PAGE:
So, further down the rabbit hole I went, linking through to the Stars official Sad Robot page featuring a nicely designed animated image/blueprint of Boilerplate's various pieces with an embedded audio player in his heart. The player streams clips of all the tracks on a constant loop and, of the six, it's "A Thread Cut With a Carving Knife" and "Undertow" that really stand out for me. A return, I think, to the romantic melodrama that I haven't heard so fully since their first full-length album, Nightsongs, and their sophomore effort, Heart, the album that first got me hooked.

Now, if the music moves you as it has me, I encourage you to click through to the store (as I have) and purchase the EP. It's a decent primer for the uninitiated and, really, the whole thing only sets you back $4 for the digital download. How can you possibly go wrong with this stuff?

There's also some really cool exclusive merch available for fans of either the band or Boilerplate. There are some cool T-Shirts and I love the tour poster, but I was probably most impressed by the chain and pendant they had made featuring Boilerplate in all his glory with a little plaque featuring the Stars logo, circa Bedroom.

Also, if your curiosity has been sufficiently piqued, check out Paul Guinan's site where he has some pictures of the album art, various bits of merch, concert pics and images from the Stars show after party. There's also a blurb at the bottom from Amy Millan explaining how the two ended up collaborating on this project.

For more info on Stars, hit their website (duh).

For more info on Boilerplate, check this link out.

And, lastly, Jeff, you had virtually nothing to do with this but had I not been cruising your blog I don't know how long it would have been before I figured this out. If it was any other band I probably wouldn't have bothered with the post and all the gushing, but it's Stars and I don't respond to their stuff on a very intellectual level.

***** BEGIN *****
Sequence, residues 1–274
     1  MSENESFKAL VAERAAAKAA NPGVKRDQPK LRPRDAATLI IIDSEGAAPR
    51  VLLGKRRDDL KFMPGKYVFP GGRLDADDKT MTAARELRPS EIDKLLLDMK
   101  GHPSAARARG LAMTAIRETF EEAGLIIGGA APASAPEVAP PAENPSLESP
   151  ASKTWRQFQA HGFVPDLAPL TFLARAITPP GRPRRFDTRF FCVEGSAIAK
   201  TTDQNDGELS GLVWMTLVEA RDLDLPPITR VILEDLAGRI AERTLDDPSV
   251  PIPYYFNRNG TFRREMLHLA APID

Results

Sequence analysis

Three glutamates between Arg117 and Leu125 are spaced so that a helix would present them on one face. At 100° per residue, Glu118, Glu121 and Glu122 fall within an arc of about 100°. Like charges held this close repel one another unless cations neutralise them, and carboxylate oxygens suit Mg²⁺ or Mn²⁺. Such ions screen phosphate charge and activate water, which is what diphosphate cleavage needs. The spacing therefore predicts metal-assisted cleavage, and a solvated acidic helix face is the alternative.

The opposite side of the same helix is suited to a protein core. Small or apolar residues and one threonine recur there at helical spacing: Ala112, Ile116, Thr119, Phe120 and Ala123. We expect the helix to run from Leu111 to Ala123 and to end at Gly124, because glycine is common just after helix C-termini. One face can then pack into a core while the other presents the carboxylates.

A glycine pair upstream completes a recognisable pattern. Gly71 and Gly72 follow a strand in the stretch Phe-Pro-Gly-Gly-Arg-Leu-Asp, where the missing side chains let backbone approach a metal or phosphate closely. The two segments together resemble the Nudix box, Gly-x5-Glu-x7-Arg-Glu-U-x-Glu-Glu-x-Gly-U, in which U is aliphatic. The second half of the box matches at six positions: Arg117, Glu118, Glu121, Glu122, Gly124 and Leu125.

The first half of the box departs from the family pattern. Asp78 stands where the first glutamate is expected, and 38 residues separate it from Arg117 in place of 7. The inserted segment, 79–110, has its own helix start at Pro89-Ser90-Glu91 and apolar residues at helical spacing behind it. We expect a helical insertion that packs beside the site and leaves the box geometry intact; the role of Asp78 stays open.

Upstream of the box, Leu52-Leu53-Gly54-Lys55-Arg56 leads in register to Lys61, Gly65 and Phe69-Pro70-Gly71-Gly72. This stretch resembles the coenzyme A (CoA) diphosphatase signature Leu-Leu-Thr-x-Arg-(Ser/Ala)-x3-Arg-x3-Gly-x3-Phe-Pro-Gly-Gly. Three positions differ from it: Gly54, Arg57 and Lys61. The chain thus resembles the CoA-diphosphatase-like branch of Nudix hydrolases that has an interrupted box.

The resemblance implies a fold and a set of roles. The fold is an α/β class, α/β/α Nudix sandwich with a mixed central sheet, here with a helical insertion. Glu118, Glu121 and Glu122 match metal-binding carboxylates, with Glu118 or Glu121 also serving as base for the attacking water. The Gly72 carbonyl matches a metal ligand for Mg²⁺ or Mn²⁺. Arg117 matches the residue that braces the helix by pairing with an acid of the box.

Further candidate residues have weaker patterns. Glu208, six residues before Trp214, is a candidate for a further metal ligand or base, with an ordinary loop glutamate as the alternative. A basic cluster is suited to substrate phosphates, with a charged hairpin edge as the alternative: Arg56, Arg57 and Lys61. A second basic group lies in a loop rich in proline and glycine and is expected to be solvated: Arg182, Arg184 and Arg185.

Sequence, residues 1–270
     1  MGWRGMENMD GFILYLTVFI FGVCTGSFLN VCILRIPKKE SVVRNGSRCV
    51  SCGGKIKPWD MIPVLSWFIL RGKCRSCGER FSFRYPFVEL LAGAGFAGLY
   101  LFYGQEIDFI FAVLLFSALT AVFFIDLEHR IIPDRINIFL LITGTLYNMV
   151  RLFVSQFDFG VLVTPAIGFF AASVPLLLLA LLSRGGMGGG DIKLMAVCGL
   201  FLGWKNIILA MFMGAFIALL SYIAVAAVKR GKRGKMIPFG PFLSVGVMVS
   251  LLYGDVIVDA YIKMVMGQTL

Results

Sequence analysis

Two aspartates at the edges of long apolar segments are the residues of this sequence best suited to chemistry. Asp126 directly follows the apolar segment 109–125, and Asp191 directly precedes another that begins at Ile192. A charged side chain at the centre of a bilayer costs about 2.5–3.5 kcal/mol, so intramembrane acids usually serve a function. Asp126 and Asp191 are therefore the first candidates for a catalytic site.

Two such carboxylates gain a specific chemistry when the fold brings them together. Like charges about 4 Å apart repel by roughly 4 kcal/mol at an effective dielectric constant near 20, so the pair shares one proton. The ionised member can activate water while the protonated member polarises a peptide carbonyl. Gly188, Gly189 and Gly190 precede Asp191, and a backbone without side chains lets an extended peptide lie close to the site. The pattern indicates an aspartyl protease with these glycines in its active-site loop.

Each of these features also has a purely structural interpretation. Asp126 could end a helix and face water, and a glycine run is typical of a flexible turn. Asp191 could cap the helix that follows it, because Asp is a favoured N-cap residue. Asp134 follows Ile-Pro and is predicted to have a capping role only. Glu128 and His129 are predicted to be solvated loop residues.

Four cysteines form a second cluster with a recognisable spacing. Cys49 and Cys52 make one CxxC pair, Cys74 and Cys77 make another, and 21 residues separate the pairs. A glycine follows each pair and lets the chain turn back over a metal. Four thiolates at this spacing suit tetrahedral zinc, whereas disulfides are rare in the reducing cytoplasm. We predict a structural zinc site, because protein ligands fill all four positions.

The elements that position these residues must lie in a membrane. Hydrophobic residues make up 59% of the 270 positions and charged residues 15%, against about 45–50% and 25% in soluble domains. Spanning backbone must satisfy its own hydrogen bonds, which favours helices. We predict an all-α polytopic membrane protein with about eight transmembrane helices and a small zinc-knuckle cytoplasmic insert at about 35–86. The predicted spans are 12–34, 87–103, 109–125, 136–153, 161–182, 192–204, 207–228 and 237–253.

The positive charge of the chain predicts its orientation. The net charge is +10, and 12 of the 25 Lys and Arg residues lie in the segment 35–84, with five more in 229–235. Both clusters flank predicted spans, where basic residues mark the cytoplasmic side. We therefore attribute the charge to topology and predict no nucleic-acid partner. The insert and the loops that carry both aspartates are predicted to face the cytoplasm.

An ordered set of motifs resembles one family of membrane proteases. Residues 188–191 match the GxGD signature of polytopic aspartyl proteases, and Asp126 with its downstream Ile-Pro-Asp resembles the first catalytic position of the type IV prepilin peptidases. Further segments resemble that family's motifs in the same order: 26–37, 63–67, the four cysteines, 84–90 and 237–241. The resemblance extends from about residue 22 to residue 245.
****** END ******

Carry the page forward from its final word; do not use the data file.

So, thanks.



Hey Kids, Comics! for 10/22/08

I haven't done one of these in a while but I've been reading a lot of comics and trades lately so I wanted to get 'back-in-the-saddle', as it were. Like last time the legend is as follows:

Bold is what I will grab for sure.
Italics mean it's something I want, but won't necessarily pick it up right away.
Regular text indicates something that has caught my eye but is either too pricy to be reasonable, or I would only pick up as an impulse buy.


That's all she wrote, folks. Have a great Wednesday at your LCS!



Tuesday, October 21, 2008

Late to the Game as Usual

Free Image Hosting at www.ImageShack.usBased on a sort-of recommendation I got through Rob Williams' blog I decided to give Captain Britain and MI:13 (a series that, until now, I have almost completely ignored) the ol' college try. I had seen the wonderful Bryan Hitch covers on the shelf and peeked at the artwork of Leonard Kirk (which I thought was quite good) but not knowing anything about the writer, Paul Cornell, I just passed on the thing expecting it to be no better than previous attempts to keep this character around and operating in the Marvel U. To my surprise (and to Cornell and Kirk's credit), however, I found that I really quite enjoyed it.